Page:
Under the faithful assumption that our neighbors know more than we do, we wanted to crowdsource when Americans think the country will be allowed to return to normal economic activity. The median estimate is 5.7 months from now. But like all things American, there is some disagreement.
Using a proportional-hazards timing model, we analyzed differences in expectations by demographic characteristics. Americans 65 and older think the economy will return to normal activity more than a month later than Americans aged 18-30 (6.8 vs 5.5 months). Will the sage wisdom of the Boomer generation teach young Americans a valuable lesson in patience?
Households that earn less than $25,000 don’t expect an economic normal until 8 months from now — the longest of any demographic group.
Since a return to full economic activity is partially dependent on finding a cure for COVID-19, we applied the same model to Americans’ expected wait time for a cure. The median expected wait time is 10.7 months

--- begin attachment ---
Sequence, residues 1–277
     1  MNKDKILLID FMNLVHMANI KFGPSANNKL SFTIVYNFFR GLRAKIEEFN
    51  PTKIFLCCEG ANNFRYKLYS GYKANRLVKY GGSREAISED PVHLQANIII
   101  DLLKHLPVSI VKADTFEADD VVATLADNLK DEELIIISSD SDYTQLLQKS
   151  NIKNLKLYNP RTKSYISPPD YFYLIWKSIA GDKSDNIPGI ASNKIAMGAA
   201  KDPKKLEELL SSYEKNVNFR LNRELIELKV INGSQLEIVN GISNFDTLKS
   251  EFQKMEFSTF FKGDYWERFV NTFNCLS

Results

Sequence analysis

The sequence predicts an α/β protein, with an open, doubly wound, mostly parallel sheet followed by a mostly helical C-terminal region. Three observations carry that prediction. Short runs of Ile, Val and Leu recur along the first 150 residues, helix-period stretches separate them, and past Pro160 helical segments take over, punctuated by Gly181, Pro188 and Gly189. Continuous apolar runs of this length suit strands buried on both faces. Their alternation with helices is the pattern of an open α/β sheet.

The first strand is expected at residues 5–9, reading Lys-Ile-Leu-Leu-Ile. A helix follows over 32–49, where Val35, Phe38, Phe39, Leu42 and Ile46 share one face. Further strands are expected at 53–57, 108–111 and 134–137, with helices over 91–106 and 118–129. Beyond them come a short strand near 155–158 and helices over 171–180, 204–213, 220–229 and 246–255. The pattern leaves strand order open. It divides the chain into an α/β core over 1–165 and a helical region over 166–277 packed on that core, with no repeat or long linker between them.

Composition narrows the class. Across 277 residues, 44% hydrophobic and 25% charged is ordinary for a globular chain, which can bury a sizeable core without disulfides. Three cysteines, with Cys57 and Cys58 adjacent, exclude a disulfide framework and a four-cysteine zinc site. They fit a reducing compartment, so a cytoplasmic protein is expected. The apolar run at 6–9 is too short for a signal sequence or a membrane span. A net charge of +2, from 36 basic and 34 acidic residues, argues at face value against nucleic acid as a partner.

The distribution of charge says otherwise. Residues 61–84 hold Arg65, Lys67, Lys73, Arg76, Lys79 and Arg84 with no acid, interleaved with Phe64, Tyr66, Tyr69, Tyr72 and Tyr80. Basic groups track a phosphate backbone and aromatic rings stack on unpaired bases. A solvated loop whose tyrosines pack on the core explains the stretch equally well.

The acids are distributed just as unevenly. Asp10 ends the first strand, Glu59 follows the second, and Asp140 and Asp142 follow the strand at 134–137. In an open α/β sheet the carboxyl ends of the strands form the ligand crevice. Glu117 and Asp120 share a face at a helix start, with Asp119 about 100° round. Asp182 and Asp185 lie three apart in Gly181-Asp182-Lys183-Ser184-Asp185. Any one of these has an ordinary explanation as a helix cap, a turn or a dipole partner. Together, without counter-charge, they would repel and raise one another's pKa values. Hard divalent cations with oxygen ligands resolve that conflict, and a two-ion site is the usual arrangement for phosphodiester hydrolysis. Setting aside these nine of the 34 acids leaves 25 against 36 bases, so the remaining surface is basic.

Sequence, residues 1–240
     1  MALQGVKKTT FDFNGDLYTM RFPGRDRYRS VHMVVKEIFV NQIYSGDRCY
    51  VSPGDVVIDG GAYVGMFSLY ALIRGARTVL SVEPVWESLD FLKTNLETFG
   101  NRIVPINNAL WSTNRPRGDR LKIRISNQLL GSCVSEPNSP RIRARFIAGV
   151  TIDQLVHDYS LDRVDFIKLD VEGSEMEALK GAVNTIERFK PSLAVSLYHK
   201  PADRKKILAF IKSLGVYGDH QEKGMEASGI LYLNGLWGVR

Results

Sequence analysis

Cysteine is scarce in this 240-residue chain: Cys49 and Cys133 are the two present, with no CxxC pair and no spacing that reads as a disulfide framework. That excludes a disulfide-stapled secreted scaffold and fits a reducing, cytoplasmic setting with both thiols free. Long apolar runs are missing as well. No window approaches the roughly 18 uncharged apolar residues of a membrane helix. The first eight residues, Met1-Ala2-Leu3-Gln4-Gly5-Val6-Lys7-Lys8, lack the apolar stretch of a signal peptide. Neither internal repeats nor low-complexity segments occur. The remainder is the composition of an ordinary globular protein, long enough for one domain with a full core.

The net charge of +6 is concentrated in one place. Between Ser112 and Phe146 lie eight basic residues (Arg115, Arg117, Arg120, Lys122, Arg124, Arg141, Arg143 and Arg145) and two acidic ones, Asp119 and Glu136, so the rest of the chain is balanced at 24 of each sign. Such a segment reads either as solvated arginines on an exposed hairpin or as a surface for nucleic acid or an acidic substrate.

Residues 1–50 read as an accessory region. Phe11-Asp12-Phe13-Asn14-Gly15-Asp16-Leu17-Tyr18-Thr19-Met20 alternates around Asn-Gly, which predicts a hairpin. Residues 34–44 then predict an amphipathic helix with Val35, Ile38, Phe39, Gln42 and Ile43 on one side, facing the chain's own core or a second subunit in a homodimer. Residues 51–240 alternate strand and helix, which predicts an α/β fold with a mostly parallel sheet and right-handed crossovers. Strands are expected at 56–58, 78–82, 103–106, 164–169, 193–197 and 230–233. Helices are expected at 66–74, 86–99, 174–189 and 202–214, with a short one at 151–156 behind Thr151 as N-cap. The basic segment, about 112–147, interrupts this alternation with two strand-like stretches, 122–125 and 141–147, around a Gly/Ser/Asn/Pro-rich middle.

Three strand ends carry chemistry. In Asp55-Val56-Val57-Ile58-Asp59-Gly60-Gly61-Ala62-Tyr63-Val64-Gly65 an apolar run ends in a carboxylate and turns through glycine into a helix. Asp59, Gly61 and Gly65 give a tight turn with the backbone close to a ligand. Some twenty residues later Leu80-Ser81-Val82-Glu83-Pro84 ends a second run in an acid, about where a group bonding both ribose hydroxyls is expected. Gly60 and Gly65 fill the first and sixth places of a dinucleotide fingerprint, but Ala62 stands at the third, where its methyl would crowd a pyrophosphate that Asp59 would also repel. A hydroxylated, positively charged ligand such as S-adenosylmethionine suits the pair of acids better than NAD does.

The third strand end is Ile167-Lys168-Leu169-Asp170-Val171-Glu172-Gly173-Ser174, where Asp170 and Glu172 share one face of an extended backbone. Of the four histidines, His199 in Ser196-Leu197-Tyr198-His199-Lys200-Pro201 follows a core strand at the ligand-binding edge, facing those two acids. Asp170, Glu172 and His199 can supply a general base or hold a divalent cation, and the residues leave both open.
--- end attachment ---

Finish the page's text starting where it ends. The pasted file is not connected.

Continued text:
Again, Boomers and low-income households don’t expect a cure anytime soon. Senior citizens have the longest time horizon and are mentally prepared to wait 14 months.
We couldn’t end an article on disagreement without a nod to differences by gender. Female Americans anticipate an additional four months (12.9) will be necessary before a cure is available over male estimates of 8.7 months.
It’s no longer just restless kids in the backseat asking “Are we there yet?”